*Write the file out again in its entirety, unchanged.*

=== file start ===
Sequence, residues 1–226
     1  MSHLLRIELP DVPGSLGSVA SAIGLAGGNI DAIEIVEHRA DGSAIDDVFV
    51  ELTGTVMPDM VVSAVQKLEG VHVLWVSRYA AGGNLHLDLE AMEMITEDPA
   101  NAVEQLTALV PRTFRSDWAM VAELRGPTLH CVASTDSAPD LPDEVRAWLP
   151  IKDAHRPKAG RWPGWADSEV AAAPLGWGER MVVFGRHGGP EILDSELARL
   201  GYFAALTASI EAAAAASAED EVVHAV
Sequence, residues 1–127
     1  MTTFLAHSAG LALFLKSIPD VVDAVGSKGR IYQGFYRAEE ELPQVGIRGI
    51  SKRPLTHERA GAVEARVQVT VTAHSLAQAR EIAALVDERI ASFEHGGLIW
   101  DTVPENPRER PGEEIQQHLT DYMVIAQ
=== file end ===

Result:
Sequence, residues 1–226
     1  MSHLLRIELP DVPGSLGSVA SAIGLAGGNI DAIEIVEHRA DGSAIDDVFV
    51  ELTGTVMPDM VVSAVQKLEG VHVLWVSRYA AGGNLHLDLE AMEMITEDPA
   101  NAVEQLTALV PRTFRSDWAM VAELRGPTLH CVASTDSAPD LPDEVRAWLP
   151  IKDAHRPKAG RWPGWADSEV AAAPLGWGER MVVFGRHGGP EILDSELARL
   201  GYFAALTASI EAAAAASAED EVVHAV
Sequence, residues 1–127
     1  MTTFLAHSAG LALFLKSIPD VVDAVGSKGR IYQGFYRAEE ELPQVGIRGI
    51  SKRPLTHERA GAVEARVQVT VTAHSLAQAR EIAALVDERI ASFEHGGLIW
   101  DTVPENPRER PGEEIQQHLT DYMVIAQ